When offering financial aid, many college and university officials claim to meet a student's "full need." This means that the total package offered to prospective students--which can be a combination of grants, federal and private loans, and work-study money--will fill the gap between the family contribution and the cost.
But exactly how need is determined, and how much schools will offer in grant money versus loans, is based on several factors. To start, most secondary institutions rely on one of two tools to help determine the "expected family contribution," or EFC.
Anyone applying for federal student aid will need to submit the Free Application for Federal Student Aid, or FAFSA, which asks detailed questions about family income, investments, savings, and other financial matters. The FAFSA form includes questions based on the family's tax returns for the previous year.
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The second tool, the College Scholarship Service (CSS) Profile, created by the College Board, is more detailed. It's used widely, primarily by private colleges. The form asks about income and liabilities, including family assets, veterans benefits, and child support payments.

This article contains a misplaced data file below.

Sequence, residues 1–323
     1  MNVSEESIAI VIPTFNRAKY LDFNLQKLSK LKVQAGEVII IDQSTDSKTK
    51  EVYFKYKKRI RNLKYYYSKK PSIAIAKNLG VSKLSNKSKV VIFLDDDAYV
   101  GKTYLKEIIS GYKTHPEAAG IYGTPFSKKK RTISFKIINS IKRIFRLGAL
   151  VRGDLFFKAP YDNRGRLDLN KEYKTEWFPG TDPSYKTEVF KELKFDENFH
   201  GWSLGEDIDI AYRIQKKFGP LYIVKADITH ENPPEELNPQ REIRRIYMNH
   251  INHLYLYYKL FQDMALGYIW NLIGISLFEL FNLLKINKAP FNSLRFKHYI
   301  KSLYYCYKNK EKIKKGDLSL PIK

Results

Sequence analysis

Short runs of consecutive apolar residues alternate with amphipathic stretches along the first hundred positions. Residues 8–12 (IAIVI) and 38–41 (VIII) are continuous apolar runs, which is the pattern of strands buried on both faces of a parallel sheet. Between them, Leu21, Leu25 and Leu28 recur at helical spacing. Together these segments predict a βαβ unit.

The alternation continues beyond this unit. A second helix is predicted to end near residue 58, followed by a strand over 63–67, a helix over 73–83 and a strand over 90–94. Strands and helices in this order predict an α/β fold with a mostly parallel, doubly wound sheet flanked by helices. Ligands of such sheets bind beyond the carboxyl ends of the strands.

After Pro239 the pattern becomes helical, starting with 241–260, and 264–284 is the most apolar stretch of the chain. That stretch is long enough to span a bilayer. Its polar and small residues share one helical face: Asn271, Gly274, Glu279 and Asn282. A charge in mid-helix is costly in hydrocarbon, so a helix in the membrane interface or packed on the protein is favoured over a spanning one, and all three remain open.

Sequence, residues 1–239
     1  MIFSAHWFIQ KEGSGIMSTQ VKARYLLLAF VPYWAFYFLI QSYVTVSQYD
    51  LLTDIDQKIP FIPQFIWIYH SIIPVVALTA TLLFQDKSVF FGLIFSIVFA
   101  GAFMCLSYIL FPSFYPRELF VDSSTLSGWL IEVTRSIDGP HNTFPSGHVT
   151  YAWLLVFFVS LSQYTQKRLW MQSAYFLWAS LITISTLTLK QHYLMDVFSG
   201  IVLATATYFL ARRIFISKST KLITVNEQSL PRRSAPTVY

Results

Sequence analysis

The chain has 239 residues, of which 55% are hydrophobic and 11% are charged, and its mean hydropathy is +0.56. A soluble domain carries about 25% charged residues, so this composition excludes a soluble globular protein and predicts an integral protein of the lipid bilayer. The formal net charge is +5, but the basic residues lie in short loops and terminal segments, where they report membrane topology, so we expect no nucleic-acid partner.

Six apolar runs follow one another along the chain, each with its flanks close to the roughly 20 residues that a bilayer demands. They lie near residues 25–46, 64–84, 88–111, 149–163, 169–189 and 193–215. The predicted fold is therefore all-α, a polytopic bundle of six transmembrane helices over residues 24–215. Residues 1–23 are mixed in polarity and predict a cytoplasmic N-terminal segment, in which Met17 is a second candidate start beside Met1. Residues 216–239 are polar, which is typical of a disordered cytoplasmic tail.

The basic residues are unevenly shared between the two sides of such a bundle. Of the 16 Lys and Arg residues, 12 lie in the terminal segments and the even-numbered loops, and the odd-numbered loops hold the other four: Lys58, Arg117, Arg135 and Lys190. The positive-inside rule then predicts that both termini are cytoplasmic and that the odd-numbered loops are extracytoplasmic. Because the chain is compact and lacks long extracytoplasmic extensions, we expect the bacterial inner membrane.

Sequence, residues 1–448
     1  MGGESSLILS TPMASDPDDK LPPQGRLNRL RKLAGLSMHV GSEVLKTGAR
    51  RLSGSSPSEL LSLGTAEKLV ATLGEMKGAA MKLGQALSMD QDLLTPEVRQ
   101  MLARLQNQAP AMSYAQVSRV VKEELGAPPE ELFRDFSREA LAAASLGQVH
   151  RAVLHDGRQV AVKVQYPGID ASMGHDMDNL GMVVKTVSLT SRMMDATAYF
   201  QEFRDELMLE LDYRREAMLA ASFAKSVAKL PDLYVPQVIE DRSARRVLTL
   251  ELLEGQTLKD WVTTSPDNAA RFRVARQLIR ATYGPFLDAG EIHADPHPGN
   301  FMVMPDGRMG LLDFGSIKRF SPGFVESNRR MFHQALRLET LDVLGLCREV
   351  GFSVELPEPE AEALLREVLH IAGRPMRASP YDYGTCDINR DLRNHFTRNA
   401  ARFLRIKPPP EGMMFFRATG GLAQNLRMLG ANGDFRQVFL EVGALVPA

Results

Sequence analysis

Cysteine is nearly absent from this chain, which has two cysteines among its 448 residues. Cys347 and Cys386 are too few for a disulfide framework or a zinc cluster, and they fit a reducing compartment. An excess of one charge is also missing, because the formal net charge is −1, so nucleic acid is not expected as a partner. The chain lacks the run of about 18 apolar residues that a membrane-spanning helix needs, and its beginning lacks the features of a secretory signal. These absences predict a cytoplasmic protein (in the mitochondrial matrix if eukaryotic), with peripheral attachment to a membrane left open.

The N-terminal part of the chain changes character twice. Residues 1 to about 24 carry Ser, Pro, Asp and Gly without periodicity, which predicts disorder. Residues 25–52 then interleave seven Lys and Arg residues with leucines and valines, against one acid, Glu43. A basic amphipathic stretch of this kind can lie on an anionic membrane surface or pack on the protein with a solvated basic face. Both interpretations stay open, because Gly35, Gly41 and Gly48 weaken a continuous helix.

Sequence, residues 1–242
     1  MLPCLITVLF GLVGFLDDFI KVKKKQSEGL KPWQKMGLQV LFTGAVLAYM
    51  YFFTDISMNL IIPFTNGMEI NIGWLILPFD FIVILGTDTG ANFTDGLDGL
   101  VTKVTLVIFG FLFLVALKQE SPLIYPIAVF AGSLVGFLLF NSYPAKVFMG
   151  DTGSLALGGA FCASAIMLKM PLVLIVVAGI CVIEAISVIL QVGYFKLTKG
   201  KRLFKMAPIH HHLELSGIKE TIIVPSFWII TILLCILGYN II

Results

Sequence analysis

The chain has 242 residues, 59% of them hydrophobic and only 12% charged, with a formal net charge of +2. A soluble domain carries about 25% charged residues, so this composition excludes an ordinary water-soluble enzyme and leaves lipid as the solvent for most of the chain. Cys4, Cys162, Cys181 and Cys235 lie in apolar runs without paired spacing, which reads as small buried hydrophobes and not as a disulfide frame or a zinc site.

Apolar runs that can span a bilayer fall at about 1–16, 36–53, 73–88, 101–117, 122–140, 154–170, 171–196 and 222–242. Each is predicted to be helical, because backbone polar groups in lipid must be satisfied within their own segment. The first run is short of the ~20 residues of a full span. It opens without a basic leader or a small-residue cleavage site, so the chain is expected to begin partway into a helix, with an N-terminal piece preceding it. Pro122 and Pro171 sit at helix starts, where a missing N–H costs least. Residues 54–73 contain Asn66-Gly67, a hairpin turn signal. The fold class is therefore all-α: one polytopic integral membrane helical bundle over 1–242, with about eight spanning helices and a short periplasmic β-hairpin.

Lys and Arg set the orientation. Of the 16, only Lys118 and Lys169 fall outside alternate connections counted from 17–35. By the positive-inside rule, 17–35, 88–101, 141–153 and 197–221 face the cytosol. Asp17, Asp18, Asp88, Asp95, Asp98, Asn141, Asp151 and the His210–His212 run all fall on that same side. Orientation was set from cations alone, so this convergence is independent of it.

The application also includes a blank form for applicants to provide "explanations and special circumstances," such as a family's high medical bills or unemployment issues. Schools utilize the data to compute the EFC for each prospective student. They then take this baseline information and, using their own internal criteria, weight different factors more than others.
For example, some universities might allow families to deduct the cost of K-12 private school tuition, while others pay greater attention to the "special circumstances" section. All this, of course, means offering more or higher "merit" grants to desirable applicants, such as an accomplished pianist or a top lacrosse player.